A camshaft 1 having cams 2 and a main oil bore (i.e., a through hole) 3 in a longitudinal direction is made of cast iron and machined. A TIG arc 4 is generated between the cam 2 and a TIG arc torch 5 so as to locally melt the surface (i.e., thesliding surface) of the cam 2. When the arc 4 is generated, the camshaft is rotated on its longitudinal axis in a direction 6 and is reciprocated in a direction 7 parallel to its longitudinal axis, and simultaneously, the gap between the cam 2 and thetorch 5 is maintained at a constant distance. Accordingly, the arc 4 oscillates over the cam surface to form a continuous bead 8 of a melted and solidified portion of the cam 2. Directly after the movement of the TIG arc 4, the molten portion and theheated portion of the cam 2 which are formed by TIG arc energy are rapidly cooled by dissipation of the localized heat through the camshaft itself (i.e., so-called self-cooling). As a result, a surface hardened layer 9 consisting of a chilled layer 10of cementite and a hardened layer 11 of martensite is formed, as shown in FIG. 2. Reference numeral 12 indicates an as-cast portion of the cast iron cam 2.

As the remelting chilling treatment for a cam is repeated for all the cams of a camshaft, the temperature of the camshaft rises by means of TIG arc heating. Due to thermal expansion of the camshaft, its overall length extends. The TIG arctorches are arranged in consideration of the thermal expansion quality. If a cam of a camshaft having a large different thermal expansion quality from its given value is subjected to the remelting chilling treatment, a position of the cam to be treatedis shifted so that an end portion 13 of the cam 2 is melted down, as shown in FIG. 3.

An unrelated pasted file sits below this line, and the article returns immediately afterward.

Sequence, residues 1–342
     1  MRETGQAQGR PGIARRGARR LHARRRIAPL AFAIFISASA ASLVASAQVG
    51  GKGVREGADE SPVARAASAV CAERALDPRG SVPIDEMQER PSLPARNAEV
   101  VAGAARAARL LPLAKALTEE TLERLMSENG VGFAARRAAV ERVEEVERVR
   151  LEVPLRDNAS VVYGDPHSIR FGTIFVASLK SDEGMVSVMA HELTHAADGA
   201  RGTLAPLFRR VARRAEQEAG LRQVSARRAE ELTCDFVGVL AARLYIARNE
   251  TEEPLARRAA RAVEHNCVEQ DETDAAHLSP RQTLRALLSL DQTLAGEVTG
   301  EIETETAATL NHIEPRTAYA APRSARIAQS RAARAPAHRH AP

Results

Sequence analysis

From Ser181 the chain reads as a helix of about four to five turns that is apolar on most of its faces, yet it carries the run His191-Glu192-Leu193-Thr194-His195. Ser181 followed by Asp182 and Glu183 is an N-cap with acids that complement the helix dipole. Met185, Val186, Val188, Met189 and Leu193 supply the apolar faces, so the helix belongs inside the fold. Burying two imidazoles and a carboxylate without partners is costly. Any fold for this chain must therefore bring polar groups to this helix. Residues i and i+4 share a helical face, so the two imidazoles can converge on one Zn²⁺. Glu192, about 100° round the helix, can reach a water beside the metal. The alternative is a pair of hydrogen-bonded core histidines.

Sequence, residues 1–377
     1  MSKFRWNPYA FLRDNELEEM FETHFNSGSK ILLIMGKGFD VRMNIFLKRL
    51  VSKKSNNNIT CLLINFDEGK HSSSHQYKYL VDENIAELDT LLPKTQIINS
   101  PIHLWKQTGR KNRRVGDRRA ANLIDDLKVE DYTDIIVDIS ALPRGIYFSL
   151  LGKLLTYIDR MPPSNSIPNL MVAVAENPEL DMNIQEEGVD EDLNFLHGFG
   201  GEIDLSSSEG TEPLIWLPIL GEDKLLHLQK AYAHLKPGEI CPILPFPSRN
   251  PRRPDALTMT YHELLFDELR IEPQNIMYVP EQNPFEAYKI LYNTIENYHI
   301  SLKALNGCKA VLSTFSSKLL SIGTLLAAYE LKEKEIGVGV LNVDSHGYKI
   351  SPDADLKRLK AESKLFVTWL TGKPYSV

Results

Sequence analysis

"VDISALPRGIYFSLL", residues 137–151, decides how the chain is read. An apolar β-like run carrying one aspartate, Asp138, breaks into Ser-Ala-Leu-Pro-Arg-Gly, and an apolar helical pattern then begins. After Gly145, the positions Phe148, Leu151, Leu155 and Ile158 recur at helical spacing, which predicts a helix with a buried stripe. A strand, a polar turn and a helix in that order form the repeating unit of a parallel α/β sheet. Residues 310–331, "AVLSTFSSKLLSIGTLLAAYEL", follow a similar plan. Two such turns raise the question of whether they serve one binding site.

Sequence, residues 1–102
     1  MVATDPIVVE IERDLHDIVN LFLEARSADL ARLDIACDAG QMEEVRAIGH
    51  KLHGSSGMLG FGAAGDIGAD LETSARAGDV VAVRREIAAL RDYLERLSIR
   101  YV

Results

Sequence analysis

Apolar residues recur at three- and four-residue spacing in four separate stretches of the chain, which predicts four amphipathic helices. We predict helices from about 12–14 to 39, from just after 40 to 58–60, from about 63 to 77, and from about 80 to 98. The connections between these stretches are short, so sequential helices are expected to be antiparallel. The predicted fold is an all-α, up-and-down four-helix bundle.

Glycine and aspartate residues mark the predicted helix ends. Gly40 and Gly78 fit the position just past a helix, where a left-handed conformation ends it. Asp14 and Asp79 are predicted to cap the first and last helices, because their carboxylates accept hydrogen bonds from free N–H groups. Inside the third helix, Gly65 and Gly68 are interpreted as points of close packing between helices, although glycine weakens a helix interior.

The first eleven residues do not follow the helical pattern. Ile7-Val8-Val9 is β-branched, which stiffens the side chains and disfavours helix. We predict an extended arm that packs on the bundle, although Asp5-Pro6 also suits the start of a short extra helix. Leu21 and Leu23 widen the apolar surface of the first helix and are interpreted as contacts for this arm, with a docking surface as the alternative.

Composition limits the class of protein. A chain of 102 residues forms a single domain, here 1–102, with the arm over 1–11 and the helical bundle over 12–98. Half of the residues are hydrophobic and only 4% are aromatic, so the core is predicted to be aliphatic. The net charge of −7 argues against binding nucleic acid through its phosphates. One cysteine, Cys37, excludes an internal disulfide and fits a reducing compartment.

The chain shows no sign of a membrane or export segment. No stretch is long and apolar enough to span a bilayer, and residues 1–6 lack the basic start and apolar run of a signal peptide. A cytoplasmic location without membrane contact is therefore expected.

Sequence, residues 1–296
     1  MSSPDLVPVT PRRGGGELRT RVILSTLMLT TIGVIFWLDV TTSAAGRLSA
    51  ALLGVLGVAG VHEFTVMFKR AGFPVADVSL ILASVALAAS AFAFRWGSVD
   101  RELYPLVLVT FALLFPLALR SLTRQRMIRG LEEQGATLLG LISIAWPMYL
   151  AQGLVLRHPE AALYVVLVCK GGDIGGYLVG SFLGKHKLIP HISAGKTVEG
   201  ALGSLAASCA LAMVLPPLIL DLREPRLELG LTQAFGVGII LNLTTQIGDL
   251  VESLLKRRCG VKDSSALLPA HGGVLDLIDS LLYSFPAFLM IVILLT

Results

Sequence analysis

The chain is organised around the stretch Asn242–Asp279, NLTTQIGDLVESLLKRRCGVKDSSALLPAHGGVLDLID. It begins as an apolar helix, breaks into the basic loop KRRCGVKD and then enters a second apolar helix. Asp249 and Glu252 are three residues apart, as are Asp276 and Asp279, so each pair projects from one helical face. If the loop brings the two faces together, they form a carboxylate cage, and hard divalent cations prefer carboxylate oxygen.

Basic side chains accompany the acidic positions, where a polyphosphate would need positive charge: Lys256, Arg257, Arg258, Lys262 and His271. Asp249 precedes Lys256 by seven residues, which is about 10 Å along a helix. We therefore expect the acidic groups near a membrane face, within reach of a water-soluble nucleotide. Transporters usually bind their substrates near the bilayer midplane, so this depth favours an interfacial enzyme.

According to the present invention, after the remelting chilling treatment, a camshaft is cooled by passing a cooling medium through a through hole (a main oil bore) formed longitudinally in the camshaft.

Referring to FIG. 4, a camshaft 11 having cams 12a, 12b, . . . 12g, and 12h and a main oil bore 13 is set on a stand 14 of a cooling station. In this case, each of the cams 12a-12h has no oil hole communicating with the main oil bore 13 at abase circle portion of the cam. A nozzle 15 for feeding a stream of fluid into the main oil bore 13 is arranged and is connected with a pipeline 16 for compressed air and a pipeline 17 for water. The pipelines 16 and 17 are provided with control valves18 and 19, respectively.

EXAMPLE 1

A camshaft 11 with eight cams 12a-12h of cast iron has the following dimensions: camshaft length, 420 mm; diameter of shaft portion, 24 mm; diameter of main oil bore 13, 8 mm; cam width, 10 mm; lifting height, 8 mm. First, the cam 12a issubjected to the remelting chilling treatment using a TIG arc under the following conditions.

Preheating of camshaft: None

DC current: 80 A

DC voltage: 17 V

Camshaft rotation speed: 1 rpm

Camshaft reciprocation speed: 50 oscillations per minute

Oscillation width of camshaft: 5 mm